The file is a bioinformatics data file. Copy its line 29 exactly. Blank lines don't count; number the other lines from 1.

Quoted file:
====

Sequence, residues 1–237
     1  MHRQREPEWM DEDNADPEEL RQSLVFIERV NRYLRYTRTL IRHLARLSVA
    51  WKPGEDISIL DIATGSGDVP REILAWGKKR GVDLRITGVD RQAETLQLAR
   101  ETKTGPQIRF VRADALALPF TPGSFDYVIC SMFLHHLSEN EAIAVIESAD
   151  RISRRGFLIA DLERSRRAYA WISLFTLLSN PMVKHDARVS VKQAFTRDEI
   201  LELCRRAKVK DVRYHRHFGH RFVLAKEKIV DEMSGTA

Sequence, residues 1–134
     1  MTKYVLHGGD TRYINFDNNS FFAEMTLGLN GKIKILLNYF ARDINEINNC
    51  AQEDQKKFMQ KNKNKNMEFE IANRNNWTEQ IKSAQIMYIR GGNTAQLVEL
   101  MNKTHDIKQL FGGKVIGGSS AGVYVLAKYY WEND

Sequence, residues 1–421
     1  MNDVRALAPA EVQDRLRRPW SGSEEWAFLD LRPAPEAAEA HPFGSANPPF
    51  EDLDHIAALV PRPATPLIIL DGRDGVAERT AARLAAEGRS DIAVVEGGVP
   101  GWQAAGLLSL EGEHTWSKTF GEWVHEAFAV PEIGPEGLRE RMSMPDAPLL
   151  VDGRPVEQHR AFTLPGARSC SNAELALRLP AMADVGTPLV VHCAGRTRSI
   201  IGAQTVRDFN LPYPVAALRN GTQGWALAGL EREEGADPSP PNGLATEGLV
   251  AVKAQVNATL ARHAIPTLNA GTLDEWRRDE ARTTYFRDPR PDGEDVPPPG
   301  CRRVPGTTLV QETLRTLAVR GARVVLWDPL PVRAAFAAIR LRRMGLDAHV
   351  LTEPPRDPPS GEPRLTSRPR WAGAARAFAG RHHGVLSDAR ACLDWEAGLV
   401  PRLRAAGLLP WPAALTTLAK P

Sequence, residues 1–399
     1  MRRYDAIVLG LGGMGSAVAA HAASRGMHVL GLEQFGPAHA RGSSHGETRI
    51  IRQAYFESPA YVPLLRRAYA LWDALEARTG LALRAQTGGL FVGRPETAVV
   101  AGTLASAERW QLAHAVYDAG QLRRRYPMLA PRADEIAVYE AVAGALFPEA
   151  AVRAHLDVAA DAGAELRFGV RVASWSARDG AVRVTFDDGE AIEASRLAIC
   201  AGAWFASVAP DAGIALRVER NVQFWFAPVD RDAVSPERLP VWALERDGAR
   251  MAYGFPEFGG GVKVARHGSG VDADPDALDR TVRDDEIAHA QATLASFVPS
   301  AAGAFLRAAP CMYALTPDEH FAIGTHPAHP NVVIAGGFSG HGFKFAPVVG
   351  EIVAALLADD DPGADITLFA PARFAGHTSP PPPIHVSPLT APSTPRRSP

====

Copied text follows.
   351  EIVAALLADD DPGADITLFA PARFAGHTSP PPPIHVSPLT APSTPRRSP